16. ITempire
    September 26, 2013

    Jacob, glad to hear that you operate a EV. How much did it cost you and which manufacturer's is it of ?

  17. Daniel
    September 27, 2013

    “glad to hear that you operate a EV. How much did it cost you and which manufacturer's is it of ?”

    Waqas, it's a 3 year old Vehicle from Reva. That time its cost is approx $8000 equivalent in local currency.

  18. Daniel
    September 27, 2013

    “I hope NGOs get so powerful worldwide that they are able to resist the pressures from large corporations who tend to get even the governments' support in things that are not environmental friendly.”

    Waqas, the sad part is they are the only agencies raising their voices against pollution and for environmental issues.

  19. ahdand
    September 27, 2013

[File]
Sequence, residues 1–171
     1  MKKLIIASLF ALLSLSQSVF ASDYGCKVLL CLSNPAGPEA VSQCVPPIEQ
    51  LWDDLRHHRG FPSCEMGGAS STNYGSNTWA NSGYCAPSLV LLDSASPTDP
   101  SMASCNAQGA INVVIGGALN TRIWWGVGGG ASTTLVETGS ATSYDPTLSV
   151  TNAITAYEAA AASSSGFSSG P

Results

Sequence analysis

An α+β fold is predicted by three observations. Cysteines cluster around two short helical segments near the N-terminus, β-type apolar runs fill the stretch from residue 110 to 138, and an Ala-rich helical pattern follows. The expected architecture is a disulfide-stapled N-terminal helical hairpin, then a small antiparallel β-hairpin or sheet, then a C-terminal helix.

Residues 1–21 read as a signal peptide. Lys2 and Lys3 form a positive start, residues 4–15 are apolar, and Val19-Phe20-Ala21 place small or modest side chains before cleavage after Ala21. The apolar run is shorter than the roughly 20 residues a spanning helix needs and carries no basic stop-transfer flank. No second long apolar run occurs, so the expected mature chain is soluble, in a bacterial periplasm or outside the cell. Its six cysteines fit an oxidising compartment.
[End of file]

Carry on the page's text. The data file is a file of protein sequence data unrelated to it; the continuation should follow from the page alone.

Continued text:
@Waqas: Im not sure why the NGOs are being given lots of power in the first place. Due to that reason only they influence in everything which sometimes does have very negative impact

  20. ITempire
    September 29, 2013

    nimantha.d

    I will disagree with you on that. NGOs must be powerful else corporations, which were less ethical, will eat up the society and the environment. If a NGO is not working in the interests of the society, we can't just blame all NGOs for it.

  21. ITempire
    September 29, 2013

    Jacob, glad to hear that. Is it an completely EV or a hybrid car ? Sorry for too many questions 🙂

  22. Daniel
    October 4, 2013

    “glad to hear that. Is it an completely EV or a hybrid car ? Sorry for too many questions :)”

    Waqas, it's a complete EV and not Hybrid. I have another Hybrid having Gasoline and natural gas as fuel